Lottery dreams arise
For $1 or hundreds more, western Nevada County residents bought themselves daydreams of easier lives, bigger houses and smoother-running cars Wednesday at liquor stores and corner markets.
“Chance to never work again? Why not?” asked John McBride at the Golden Empire Market in Grass Valley.
He was part of California’s last-minute rush to buy tickets for a $136 million SuperLotto jackpot.
Also in line, Jennifer Christensen spent $3 in hopes of winning a fortune.
“You know, the lavish life of the rich and famous,” she joked.
Mike Clemmons, a Grass Valley blues guitarist, spent $20 on tickets with hopes of parlaying it into musical instruments and lessons for the disadvantaged.
Ginger Covert of Grass Valley dropped $5. She’d pay off the house, bankroll her granddaughter’s college education, and maybe buy land for a county park.
Gene Ernst of Grass Valley spent $30 for himself and his wife. His plans?
“Can’t think of a thing. It would just be nice to have,” he said.
Store clerk Kelly Jackson said ticket sales were “just crazy. … We had to put on extra people.”
Groups of workers at various businesses were buying 200 tickets at a time.
At The Bottle Shop on Nevada City Highway, customers bought an average of 10 tickets, but one bought 400, owner Roger Lundberg said.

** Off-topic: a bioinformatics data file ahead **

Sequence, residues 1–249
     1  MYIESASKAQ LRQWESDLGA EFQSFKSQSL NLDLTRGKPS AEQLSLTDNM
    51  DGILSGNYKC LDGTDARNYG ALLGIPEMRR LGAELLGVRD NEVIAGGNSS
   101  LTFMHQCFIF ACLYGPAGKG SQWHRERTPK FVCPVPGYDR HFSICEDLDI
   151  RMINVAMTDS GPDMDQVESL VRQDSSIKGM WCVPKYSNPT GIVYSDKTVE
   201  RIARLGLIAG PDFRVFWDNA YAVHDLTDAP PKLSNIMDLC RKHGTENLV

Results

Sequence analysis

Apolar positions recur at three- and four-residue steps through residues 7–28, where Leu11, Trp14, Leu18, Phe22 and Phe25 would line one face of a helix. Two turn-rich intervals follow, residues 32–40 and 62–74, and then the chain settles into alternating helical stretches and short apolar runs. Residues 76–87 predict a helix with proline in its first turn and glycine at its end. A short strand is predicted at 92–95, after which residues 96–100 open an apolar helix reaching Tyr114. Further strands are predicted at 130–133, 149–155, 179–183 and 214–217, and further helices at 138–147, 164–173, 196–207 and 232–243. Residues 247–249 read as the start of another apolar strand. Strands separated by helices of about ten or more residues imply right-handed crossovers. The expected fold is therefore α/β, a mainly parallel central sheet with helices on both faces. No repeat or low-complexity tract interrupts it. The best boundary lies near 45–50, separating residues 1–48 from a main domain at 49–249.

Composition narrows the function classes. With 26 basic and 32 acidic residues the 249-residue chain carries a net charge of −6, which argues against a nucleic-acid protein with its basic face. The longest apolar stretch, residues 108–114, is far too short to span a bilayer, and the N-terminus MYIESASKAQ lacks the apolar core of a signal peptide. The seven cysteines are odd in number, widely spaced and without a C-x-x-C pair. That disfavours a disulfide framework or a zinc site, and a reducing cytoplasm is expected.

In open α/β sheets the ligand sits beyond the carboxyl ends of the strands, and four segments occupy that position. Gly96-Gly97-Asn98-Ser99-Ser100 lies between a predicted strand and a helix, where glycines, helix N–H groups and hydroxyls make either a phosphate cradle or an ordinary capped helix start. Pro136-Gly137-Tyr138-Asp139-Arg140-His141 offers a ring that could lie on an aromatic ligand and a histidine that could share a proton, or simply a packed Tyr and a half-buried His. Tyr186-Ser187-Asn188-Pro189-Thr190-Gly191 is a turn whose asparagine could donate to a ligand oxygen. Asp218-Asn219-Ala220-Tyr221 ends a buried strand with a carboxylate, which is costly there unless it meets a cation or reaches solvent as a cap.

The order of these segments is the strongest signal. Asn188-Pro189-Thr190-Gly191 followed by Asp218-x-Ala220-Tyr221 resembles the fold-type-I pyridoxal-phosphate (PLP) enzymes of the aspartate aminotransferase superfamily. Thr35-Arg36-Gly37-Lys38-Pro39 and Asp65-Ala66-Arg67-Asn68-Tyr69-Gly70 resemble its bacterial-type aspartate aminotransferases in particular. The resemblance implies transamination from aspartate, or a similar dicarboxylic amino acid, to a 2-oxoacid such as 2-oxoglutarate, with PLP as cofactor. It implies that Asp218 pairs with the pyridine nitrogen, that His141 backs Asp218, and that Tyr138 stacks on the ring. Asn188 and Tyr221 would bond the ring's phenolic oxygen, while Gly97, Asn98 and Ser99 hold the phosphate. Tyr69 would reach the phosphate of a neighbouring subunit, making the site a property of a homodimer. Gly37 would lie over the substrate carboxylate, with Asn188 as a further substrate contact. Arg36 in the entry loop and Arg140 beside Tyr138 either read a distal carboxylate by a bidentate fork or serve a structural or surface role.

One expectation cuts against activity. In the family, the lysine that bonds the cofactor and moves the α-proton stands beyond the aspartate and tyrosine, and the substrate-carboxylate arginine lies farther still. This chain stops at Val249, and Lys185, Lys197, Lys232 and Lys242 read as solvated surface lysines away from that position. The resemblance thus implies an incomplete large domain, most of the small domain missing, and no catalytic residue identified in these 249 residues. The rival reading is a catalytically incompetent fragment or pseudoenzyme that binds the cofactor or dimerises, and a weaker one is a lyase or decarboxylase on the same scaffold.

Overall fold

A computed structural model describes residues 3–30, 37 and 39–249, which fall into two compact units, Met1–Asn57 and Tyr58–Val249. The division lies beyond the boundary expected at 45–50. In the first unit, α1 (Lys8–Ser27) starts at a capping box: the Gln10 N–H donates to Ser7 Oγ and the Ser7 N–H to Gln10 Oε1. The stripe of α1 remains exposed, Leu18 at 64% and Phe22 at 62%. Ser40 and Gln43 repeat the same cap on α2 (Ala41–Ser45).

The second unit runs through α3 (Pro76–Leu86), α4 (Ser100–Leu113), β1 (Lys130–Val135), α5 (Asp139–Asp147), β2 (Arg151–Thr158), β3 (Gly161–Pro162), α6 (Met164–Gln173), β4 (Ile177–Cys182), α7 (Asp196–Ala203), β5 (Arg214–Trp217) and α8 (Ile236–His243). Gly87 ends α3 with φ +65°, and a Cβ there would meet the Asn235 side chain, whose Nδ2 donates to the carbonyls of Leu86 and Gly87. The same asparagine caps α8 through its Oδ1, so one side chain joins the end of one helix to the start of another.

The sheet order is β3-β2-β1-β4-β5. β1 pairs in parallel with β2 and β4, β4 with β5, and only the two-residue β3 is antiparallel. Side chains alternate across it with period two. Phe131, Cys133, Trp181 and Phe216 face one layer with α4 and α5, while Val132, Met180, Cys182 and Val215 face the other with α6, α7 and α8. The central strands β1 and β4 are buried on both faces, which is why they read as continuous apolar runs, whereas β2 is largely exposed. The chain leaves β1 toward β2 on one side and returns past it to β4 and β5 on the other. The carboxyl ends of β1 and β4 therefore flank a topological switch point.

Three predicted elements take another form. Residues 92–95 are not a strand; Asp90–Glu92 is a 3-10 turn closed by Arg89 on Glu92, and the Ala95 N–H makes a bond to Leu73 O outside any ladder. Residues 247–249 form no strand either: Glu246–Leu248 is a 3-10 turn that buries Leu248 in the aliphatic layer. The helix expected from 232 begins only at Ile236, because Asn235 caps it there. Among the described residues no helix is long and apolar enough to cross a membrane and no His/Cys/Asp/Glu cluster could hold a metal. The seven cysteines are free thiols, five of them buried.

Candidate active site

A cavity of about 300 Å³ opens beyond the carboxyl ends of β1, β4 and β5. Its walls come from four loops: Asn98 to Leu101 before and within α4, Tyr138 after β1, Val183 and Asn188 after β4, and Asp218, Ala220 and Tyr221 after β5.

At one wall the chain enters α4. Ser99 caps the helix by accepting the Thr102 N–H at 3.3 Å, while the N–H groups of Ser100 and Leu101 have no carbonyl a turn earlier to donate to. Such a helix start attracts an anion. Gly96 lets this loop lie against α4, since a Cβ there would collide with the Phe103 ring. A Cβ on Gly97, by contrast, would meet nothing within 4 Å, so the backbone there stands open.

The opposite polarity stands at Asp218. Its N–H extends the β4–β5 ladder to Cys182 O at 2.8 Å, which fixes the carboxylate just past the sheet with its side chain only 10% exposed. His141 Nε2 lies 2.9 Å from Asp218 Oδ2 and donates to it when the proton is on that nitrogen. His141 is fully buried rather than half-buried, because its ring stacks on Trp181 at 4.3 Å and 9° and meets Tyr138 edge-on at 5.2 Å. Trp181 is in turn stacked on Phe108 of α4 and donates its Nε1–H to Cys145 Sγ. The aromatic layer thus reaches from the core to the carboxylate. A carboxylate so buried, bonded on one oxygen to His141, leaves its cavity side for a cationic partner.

Eileen Rounds knew what she’d do if one of her 25 tickets hit pay dirt.
“My ultimate dream would be to buy a big motor home, open up my address book, and go visit everyone I know. That would take about three years,” the Grass Valley woman said. “That’s after I pay the bills, of course.”
Californians developed Lotto fever after no ticket matched all six numbers in Saturday’s $88 million drawing, making Wednesday’s Lotto the second-largest in state history. The biggest, $141 million, was won last year by Al Castellano of San Jose.
How much of the jackpot a winner would actually take home would depend on whether the ticket holder – or holders – chose the cash option or 26 annual payments at the time of purchase.
The cash option would result in a lump-sum payment of $67.5 million – or $49 million after taxes. The 26 annual payments would start at $3.3 million and grow to $6.8 million, before taxes.
– The Associated Press contributed to this story
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